Meanwhile, the Gitone grand dinner shares many of the same appetisers, but includes a luxurious double-boiled chicken soup with fish maw and conch, as well as braised sea cucumber, Wagyu beef with mushrooms, and steamed cod in wine sauce. To experience both sides of Gitone, you can even take a pre-dinner workshop on painting or ceramics at an additional cost—just reach out to their team to make an enquiry.
Gitone, GB27–28, G/F, 45 Tai Hong Street, Lei King Wan, Sai Wan Ho | (+852) 2527 3448
Tucked away on a ladder street in Noho, this Italian private kitchen is one of Hong Kong’s worst-kept secrets (a.k.a. segreti). Chef-owner Ermanno Lelli is a fourth-generation cook from Torre Annunziata in Naples, which was once the pasta-making capital of Italy. Lelli—who came to Hong Kong as an F&B consultant—initially had no plans of becoming a restaurateur, but eventually opened a private kitchen after becoming affronted by what passed as “authentic Italian cuisine” in Hong Kong.
In contrast to trendy cooking that utilises ingredients like caviar, truffle, and foie gras indiscriminately to drive prices and popularity up—or what he calls “gossip food”—Lelli prides himself on making traditional Italian recipes, many of which are from his own family’s archives. With just a long counter and a handful of small tables in the airy space, diners have a prime view of Lelli as he prepares everything live from the open kitchen.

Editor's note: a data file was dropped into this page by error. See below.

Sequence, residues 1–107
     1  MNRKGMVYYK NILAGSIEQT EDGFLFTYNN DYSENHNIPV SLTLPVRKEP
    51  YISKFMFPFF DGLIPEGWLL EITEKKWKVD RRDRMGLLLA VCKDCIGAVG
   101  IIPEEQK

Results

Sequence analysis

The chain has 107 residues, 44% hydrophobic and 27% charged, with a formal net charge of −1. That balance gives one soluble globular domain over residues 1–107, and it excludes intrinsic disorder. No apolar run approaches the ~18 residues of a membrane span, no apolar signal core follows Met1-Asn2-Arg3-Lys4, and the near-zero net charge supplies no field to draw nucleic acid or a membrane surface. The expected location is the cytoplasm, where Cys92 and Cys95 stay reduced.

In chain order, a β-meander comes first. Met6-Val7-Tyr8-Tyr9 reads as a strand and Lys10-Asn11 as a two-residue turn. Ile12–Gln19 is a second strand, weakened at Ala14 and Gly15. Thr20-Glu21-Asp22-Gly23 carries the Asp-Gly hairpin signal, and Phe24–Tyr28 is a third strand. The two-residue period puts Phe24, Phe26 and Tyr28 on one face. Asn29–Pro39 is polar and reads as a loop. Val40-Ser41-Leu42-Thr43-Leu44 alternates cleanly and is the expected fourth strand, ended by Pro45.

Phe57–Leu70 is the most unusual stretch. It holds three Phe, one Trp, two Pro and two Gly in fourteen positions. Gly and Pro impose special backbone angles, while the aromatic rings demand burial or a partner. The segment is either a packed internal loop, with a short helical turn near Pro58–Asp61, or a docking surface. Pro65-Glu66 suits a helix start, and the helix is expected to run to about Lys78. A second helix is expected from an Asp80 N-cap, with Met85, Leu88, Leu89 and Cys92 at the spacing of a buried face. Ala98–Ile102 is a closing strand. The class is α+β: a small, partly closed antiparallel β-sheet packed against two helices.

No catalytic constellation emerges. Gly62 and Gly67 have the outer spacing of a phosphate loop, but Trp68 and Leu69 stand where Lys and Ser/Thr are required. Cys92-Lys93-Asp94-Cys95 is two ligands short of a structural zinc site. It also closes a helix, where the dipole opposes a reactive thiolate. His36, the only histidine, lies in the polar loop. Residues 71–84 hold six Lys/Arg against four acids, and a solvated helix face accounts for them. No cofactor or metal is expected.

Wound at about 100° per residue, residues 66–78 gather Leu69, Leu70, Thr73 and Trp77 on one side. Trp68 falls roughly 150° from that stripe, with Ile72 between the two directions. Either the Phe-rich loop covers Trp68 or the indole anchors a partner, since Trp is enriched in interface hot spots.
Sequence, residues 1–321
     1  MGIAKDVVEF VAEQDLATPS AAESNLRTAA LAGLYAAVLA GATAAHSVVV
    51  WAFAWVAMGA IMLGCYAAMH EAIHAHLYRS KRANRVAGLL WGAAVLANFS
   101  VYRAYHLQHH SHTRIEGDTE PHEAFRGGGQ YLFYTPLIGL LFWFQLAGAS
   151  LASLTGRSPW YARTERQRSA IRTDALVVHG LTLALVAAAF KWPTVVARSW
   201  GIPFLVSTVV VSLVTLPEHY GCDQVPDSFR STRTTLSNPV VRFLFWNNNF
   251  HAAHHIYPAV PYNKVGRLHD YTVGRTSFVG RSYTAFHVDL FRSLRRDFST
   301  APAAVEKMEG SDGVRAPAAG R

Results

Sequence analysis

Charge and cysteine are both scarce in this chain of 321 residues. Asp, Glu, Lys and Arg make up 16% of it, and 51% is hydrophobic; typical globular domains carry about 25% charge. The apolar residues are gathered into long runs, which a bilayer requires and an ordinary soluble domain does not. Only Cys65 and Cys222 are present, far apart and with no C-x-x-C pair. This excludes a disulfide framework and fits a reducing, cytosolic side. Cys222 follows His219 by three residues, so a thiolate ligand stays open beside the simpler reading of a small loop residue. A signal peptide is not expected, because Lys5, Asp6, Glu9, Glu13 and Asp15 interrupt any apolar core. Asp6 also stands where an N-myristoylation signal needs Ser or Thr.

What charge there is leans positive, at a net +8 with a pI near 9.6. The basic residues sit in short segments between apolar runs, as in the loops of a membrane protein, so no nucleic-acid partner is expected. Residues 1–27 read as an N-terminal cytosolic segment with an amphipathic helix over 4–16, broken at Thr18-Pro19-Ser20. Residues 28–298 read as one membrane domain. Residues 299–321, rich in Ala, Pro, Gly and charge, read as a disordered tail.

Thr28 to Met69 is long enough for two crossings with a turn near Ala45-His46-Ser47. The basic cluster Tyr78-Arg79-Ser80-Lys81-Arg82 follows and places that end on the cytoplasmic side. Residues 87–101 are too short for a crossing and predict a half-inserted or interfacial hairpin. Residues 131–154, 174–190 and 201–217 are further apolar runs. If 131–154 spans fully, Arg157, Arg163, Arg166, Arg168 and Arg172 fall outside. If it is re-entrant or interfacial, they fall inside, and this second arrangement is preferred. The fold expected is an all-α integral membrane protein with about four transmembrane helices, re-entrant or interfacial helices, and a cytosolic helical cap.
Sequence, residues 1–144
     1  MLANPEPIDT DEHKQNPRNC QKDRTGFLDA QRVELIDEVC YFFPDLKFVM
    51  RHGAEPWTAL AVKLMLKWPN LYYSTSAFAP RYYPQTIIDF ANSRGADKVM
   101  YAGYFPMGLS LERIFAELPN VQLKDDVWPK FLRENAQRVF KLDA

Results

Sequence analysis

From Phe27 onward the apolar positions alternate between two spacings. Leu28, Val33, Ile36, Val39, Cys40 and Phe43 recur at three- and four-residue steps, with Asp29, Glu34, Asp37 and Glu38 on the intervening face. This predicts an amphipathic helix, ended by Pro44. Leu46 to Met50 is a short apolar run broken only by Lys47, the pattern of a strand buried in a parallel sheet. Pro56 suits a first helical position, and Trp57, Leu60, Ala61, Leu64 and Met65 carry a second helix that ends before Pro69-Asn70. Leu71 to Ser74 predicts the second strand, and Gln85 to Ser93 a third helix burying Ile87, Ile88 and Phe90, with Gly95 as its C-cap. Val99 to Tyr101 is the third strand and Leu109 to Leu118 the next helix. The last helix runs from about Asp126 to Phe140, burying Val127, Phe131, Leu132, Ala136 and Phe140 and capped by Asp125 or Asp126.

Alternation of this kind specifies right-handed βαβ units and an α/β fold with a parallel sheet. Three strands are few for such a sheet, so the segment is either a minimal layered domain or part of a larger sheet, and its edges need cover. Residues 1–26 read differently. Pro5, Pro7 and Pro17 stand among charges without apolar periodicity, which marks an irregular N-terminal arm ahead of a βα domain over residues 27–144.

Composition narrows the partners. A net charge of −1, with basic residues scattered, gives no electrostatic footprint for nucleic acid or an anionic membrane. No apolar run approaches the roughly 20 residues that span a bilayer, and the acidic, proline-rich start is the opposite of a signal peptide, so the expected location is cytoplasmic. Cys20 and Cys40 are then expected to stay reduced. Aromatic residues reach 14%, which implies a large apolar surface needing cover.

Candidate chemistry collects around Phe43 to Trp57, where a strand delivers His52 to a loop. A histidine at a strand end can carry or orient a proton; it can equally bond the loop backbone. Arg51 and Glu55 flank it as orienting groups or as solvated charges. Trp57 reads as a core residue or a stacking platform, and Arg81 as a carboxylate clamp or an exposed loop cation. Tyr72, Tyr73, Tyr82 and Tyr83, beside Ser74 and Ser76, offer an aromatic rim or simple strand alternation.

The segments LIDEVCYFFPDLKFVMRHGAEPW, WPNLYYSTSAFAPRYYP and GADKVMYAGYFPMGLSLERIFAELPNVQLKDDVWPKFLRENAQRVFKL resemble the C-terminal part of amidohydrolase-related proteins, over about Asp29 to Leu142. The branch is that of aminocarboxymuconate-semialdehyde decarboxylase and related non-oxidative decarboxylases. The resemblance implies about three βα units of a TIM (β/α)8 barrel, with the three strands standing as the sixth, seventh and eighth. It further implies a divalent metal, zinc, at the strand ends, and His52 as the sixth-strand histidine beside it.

While the business lunch sets are designed to be more expeditious, with three to five courses delivered in an hour or so, a more extensive and informative experience awaits at night, when diners can choose from eight dinner menus showcasing different regional styles and ingredients.